The proposed research will contribute to knowledge about racial/ethnic inequalities in health by exploring the nativity paradox - the fact that foreign born mothers, on average, have better birth outcomes than native born mothers of similar socioeconomic status. Using pooled data from three recent studies, we will systematically investigate the extent to which immigrant selectivity contributes to the nativity paradox and we will also test """"""""acculturation"""""""" and """"""""weathering"""""""" theories by investigating the effects of age at arrival in the U.S. versus duration of residence in the U.S. on birth outcomes. Understanding how the health of immigrants is affected after immigration to the U.S will provide a window into the determinants of racial and ethnic disparities in health in the U.S.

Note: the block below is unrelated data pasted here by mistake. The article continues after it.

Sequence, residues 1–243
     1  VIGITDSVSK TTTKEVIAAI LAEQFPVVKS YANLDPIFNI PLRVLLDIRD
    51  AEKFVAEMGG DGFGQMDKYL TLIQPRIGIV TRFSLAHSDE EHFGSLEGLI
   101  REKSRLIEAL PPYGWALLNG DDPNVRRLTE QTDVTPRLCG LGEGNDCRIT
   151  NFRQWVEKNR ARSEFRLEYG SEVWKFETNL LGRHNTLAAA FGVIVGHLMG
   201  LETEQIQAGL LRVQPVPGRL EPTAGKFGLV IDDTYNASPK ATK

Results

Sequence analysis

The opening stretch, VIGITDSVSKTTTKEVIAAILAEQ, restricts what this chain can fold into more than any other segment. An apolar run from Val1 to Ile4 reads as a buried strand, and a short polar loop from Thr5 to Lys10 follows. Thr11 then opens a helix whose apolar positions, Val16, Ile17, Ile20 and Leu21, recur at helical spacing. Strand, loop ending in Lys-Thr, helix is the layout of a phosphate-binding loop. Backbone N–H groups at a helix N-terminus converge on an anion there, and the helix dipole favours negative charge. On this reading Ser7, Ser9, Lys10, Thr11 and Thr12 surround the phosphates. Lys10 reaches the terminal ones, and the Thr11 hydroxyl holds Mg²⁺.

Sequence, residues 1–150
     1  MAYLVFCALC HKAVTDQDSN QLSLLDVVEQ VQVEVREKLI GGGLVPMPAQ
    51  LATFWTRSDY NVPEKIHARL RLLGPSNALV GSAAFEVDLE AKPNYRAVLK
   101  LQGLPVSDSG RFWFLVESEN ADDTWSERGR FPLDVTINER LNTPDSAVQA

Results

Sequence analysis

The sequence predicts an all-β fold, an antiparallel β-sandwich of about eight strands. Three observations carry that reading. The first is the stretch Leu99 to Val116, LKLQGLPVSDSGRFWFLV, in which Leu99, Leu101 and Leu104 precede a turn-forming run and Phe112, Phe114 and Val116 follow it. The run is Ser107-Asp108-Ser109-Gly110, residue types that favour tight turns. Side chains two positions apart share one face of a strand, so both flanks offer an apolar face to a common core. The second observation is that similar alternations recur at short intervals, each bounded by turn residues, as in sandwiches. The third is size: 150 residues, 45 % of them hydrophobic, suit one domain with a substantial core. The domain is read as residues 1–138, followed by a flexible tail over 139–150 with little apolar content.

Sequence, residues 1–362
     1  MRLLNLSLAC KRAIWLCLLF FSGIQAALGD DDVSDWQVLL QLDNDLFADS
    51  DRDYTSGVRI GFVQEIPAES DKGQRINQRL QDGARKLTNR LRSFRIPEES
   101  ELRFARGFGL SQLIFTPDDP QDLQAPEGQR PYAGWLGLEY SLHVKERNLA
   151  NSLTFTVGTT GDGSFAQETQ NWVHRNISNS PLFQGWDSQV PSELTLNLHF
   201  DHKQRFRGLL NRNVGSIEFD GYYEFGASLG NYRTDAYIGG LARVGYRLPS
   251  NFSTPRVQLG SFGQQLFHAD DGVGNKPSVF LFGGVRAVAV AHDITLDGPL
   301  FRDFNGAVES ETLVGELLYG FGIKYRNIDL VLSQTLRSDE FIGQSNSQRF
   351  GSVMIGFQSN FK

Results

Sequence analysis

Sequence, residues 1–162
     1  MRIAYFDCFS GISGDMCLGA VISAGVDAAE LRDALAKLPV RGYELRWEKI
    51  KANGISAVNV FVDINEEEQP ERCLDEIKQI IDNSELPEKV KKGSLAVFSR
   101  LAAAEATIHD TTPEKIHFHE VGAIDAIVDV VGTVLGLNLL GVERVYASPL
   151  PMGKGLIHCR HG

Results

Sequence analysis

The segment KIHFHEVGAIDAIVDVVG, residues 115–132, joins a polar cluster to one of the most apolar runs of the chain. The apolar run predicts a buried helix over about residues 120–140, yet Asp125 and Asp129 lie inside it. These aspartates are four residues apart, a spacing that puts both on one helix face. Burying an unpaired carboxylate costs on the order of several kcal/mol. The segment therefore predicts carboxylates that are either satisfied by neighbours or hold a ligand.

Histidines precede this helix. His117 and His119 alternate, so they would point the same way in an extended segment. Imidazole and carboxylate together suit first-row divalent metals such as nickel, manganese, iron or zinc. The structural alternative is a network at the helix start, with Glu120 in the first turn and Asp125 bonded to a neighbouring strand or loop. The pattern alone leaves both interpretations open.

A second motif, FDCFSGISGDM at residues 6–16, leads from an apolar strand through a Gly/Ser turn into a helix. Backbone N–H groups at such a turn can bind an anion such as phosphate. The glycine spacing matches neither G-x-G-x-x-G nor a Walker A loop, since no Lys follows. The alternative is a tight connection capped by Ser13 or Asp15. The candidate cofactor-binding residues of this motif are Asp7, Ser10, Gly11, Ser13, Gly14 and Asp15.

The proposed research will increase knowledge and information about the causes of disparities in birth outcomes among members of minority groups. This new knowledge should lead to more effective interventions for families and subsequently to better birth outcomes and healthier children.
|Teitler, Julien O; Hutto, Nathan; Reichman, Nancy E (2012) Birthweight of children of immigrants by maternal duration of residence in the United States. Soc Sci Med 75:459-68|